For the seventh Pandemics & Society Seminar of our Fall 2023 series, we are pleased to welcome Dr Natalie Bennett (Newcastle University). The seminar will be held on Thursday, 2 November at the normal time (1600 CET). For attendees outside of Europe, please note that daylight savings time has ended. More information about our speaker and the presentation is below. You can sign up for email notifications about the seminar series, including the Zoom details, here.
The effectiveness of vaccination against severe COVID-19 infection and mortality is well documented, but there are inequalities in both vaccination uptake and COVID-19 mortality. Understanding whether more equal vaccination uptake might reduce socioeconomic inequalities in COVID-19 mortality is necessary for planning for future pandemics. Limited evidence available suggests that COVID-19 vaccination may have reduced inequalities in mortality. However, existing studies typically employ data covering a short time series and do not explicitly model inequalities. Using national data from the first recorded deaths through to December 2022, this study investigates whether the national vaccination program in England reduced inequalities in COVID-19 mortality associated with area-level deprivation. Descriptive analyses demonstrated that, though vaccination uptake was generally high, there was a widening gap between the most and least deprived areas in England in uptake by dose. New mortality inequality gradually declined as vaccination uptake and doses increased, and remained low throughout 2022. However, cumulative mortality inequalities rapidly grew from the start of the pandemic continued to grow throughout the entire period of observation. We estimate that more equitable vaccine uptake may have reduced, but not eradicated deprivation-based inequalities. We argue that preparation for future pandemics should include a comprehensive strategy for minimising deprivation-based inequalities.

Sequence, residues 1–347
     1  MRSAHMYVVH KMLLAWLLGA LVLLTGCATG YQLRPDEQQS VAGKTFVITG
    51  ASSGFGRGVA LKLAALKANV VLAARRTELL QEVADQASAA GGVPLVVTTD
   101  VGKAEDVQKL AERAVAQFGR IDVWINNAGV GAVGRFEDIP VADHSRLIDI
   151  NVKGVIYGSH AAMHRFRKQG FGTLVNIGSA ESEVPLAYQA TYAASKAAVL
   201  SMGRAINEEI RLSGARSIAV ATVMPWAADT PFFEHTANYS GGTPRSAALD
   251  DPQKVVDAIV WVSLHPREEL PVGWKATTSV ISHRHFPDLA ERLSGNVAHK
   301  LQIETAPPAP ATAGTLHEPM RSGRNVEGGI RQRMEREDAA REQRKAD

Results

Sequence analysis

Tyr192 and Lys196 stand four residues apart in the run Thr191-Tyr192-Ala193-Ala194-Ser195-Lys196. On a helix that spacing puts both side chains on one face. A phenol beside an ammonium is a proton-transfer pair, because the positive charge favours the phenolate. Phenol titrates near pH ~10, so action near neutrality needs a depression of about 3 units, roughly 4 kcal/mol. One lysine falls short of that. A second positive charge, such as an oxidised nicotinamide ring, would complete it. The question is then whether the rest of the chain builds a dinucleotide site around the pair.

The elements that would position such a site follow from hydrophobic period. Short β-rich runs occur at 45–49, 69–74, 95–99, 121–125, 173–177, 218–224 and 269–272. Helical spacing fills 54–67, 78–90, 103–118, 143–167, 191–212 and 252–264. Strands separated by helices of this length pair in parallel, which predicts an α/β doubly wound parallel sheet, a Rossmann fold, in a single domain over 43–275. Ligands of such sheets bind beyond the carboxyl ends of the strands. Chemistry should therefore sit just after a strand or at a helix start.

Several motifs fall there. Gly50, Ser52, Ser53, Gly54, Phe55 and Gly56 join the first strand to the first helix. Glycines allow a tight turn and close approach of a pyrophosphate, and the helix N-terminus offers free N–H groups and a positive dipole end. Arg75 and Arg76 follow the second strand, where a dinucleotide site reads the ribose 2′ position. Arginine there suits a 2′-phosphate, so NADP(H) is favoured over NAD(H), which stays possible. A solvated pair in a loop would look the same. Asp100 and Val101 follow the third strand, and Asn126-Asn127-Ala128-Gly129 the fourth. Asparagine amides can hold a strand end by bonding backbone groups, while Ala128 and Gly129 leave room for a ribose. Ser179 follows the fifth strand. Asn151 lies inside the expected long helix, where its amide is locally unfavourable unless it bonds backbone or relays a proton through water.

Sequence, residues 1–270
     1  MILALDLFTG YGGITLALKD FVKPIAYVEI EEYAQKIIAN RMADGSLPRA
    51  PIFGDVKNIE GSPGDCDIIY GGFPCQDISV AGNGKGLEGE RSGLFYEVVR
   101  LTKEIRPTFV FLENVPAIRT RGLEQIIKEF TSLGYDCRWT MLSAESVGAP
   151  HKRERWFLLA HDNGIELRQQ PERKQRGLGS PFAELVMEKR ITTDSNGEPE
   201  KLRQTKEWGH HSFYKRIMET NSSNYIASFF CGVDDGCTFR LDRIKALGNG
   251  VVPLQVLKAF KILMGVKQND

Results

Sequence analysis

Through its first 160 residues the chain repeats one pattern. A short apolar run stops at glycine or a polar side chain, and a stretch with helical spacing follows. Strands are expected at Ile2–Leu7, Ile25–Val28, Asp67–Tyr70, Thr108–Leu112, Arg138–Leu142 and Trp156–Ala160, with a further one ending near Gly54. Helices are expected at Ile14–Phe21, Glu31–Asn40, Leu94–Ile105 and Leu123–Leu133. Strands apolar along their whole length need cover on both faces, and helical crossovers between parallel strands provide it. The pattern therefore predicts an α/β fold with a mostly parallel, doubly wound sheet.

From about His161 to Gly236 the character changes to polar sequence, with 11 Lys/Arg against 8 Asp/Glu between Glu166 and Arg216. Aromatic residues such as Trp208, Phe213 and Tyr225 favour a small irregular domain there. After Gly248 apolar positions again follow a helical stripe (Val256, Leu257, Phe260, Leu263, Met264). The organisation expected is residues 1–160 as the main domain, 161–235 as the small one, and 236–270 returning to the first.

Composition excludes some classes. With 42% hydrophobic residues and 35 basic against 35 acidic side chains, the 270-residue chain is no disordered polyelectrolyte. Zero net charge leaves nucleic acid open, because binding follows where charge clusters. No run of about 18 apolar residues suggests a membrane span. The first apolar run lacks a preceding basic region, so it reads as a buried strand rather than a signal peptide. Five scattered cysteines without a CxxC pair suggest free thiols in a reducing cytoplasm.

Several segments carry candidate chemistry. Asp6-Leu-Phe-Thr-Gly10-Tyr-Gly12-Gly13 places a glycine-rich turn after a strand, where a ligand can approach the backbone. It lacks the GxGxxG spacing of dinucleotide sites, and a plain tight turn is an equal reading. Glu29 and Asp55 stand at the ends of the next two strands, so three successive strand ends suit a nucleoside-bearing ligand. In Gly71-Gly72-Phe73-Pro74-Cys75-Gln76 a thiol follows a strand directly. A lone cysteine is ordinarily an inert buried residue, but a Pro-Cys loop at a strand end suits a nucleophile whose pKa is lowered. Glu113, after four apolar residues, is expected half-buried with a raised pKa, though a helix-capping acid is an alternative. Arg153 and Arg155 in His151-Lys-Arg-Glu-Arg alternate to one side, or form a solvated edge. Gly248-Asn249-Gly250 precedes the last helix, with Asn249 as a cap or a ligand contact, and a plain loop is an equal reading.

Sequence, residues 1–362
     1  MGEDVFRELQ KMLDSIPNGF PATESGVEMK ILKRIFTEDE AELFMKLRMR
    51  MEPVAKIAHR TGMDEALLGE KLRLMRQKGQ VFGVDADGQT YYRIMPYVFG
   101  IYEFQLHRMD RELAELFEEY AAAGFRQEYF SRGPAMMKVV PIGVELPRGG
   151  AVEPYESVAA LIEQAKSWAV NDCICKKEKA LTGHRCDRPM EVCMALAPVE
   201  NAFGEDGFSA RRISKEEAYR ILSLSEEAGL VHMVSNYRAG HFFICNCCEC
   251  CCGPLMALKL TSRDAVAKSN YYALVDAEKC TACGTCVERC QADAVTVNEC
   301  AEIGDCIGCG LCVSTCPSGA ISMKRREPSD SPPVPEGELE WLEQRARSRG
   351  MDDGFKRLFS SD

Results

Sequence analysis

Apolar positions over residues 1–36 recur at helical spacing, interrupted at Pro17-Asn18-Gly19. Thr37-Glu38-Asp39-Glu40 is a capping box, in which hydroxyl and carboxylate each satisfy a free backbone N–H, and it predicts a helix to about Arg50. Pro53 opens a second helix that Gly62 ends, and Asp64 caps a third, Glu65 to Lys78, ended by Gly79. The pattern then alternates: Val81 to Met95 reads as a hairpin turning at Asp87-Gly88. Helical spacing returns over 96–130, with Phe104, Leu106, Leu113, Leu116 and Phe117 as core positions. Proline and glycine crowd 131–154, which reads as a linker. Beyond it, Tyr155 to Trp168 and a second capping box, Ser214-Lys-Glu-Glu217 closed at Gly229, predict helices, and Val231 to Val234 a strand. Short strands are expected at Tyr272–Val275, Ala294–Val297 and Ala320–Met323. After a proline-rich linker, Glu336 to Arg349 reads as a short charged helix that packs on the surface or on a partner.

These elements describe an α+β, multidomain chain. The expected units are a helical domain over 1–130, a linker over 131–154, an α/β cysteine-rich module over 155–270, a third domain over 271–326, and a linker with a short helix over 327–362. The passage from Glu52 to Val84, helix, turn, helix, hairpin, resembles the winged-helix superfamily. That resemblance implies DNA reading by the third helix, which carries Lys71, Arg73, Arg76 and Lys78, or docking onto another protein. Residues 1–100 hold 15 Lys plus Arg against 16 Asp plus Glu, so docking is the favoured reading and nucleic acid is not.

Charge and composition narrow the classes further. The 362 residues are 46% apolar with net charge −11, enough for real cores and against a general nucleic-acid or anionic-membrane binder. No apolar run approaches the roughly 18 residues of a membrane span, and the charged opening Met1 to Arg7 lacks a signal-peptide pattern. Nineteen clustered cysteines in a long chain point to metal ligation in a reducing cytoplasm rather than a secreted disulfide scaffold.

About the Speaker
Dr Natalie Bennett is an Inequalities Research Fellow in the Applied Research Collaboration for the North East and North Cumbria at Newcastle University, England. Natalie is a Social Epidemiologist and works across a variety of interdisciplinary health inequalities projects. Her primary area of research is that of geographical inequalities in health and much of her more recent work has been in applying this focus to the COVID-19 pandemic.